With minor software installs or programs like a file compression/decompression, or an application install, or a download verification - the ETA is near impossible to reliably determine. Because, how would you run a metric on the time that its meant to take? Sure, you can set up check points at specific points of the program or application install, but how are you meant to know how long a specific computer/cpu/gpu/drive/operating-system will take to execute up to that checkpoint. It is actually more meaningful to just tell the user whether this process will be long or short.

Now the real answer (or the tldr). "A few moments" (or any similar phrase), specifically in relation to software, denotes a passage of time that will take no longer than a few moments.

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  • Readers may observe that politicians at solemn ceremonies may call for “a moment of silence,” not “a minute of silence.” A minute of silence is much too long.
    – Xanne
    Apr 24 at 9:06
  • @Xanne absolutely correct. Context is all that matters, it does require an understanding of the nuances of English - which is why it may seem meaningless to people who have English as a second language. Although, "a minute of silence" is often synonymous with "a moment of silence". If it is custom in your culture to take a minute of silence for war memoriums/funerals, then "a moment of silence" will have that meaning.
    – Dat Boi
    Apr 24 at 9:24
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Having worked in development receiving calls for the rollout of an international financial service assistance center, best practices advised against asking customers to hold "for a moment," the problem retort being, "How long is a moment?" About ten years ago, the jargon was brought to a rather specific, "[May] I put you on a brief hold of one to three minutes?"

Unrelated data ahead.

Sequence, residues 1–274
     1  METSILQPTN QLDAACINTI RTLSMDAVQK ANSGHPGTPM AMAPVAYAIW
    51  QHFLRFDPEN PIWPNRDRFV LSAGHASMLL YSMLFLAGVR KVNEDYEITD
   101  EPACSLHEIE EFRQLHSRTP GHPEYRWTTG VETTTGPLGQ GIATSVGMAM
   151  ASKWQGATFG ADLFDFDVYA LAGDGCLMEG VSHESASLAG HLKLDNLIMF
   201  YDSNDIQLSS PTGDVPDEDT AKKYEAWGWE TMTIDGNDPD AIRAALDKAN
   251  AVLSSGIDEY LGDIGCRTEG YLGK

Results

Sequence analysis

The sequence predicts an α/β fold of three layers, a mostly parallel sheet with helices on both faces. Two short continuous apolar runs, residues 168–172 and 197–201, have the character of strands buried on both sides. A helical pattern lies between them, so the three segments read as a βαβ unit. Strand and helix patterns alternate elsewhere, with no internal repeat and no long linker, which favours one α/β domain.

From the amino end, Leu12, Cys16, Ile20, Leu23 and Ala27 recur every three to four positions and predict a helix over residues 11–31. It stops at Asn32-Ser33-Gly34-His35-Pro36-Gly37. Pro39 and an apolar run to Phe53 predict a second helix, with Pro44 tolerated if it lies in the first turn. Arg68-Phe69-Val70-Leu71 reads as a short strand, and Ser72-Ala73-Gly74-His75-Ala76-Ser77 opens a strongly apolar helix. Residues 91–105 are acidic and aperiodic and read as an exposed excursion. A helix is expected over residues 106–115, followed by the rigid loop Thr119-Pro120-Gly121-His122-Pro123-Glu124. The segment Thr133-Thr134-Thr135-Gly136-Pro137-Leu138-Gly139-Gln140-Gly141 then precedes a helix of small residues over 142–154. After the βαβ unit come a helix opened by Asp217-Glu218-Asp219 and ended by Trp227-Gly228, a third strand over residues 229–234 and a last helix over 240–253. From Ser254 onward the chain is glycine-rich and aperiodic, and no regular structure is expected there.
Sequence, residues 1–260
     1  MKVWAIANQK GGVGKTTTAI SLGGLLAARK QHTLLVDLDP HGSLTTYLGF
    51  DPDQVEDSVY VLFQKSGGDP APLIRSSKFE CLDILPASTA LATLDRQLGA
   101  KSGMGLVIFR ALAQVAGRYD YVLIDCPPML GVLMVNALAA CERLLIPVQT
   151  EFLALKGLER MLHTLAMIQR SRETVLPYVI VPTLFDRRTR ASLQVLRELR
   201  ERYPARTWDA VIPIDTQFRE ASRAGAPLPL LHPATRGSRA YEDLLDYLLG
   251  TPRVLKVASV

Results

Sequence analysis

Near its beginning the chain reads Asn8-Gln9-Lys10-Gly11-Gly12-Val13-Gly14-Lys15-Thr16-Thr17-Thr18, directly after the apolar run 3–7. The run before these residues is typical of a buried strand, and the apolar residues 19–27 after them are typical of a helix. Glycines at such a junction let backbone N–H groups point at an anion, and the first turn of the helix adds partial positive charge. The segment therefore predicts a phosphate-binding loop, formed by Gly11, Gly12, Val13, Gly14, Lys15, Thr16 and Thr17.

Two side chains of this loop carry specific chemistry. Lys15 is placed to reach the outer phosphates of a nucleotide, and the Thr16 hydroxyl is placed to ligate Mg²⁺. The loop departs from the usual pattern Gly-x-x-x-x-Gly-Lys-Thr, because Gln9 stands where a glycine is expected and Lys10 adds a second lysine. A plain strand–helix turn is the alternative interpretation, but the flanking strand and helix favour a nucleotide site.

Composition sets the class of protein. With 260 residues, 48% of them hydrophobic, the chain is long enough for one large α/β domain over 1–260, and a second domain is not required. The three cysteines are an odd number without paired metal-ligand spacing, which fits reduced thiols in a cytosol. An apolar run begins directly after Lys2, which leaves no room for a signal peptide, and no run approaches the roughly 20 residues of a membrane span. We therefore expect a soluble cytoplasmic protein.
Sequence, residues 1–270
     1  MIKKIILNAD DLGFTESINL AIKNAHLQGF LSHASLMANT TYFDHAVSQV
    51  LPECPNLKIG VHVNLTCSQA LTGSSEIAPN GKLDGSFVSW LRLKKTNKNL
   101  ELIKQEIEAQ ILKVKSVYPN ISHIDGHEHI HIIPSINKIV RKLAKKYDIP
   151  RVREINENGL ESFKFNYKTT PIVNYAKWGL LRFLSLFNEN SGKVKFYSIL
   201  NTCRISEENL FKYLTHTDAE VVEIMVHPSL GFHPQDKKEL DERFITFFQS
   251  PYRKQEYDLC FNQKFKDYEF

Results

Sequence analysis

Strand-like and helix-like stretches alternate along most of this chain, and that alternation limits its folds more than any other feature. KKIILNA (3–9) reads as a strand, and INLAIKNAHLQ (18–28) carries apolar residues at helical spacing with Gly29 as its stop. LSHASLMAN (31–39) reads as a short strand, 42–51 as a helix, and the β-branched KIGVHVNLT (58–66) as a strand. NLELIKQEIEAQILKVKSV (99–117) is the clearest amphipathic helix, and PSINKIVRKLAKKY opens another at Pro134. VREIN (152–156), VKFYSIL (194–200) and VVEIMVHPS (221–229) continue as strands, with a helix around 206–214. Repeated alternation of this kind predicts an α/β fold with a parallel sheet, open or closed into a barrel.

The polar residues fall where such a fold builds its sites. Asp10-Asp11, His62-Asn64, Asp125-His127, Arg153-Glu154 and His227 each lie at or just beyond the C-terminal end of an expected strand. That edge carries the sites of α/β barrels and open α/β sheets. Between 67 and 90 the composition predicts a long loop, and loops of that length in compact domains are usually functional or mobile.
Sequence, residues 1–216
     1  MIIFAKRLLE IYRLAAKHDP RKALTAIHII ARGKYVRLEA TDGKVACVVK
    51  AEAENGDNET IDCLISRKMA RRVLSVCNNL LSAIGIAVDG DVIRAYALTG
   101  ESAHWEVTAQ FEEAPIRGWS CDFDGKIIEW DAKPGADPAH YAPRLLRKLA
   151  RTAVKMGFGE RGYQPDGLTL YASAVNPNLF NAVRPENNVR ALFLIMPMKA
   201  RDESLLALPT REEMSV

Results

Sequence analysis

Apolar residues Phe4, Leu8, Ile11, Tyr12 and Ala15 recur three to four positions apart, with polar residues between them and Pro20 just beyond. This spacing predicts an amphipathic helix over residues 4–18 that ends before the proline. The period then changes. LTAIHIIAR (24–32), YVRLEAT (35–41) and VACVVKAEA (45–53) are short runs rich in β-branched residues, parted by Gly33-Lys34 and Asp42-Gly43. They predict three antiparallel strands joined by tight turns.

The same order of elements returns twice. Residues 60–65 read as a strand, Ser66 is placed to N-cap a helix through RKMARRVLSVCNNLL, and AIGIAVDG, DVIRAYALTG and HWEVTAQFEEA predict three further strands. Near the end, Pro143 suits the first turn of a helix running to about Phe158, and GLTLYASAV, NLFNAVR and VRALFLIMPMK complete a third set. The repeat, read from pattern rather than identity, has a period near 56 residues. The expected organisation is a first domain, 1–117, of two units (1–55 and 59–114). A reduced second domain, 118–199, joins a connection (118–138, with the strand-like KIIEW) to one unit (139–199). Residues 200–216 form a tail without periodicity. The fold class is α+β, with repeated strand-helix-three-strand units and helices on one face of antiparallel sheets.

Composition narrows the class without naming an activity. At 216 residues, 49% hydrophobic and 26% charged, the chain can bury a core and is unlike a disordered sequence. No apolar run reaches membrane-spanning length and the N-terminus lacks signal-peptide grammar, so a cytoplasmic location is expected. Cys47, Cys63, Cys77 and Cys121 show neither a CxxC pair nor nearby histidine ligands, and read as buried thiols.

It was far from idiomatic for me, "1-3 minutes," in the languages I handled, especially English. Accuracy in minutes for these CSRs defeated accuracy of idiomatic expressions. An alternative was "...for up to three minutes?" This is how certain brands serving financial institutions defined a moment.

Dictionaries like Lexico give a moment as "a brief period of time." That may be 1-3 minutes, but we were shot down on saying "about two minutes."

I would have left this as a comment but will include this with agreement:

@Peter gave the following comment: Yes it is meaningful. A moment is correctly used of a very short period of time, so a few moments would still be a short time, but longer than a moment. Unfortunately some processes on a computer can take quite a long time, but it is rare for programmers to advise users that "this will take a long time, and you should take the opportunity to catch up on a good night's sleep".

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    Love this answer, it is certainly idiomatic. Most people that speak English assume a moment is '1-3 minutes'; but let me tell you, those people that speak "Australia-Postish" think its its another word for "time-until-the-queen-dies".
    – Dat Boi
    Apr 24 at 8:57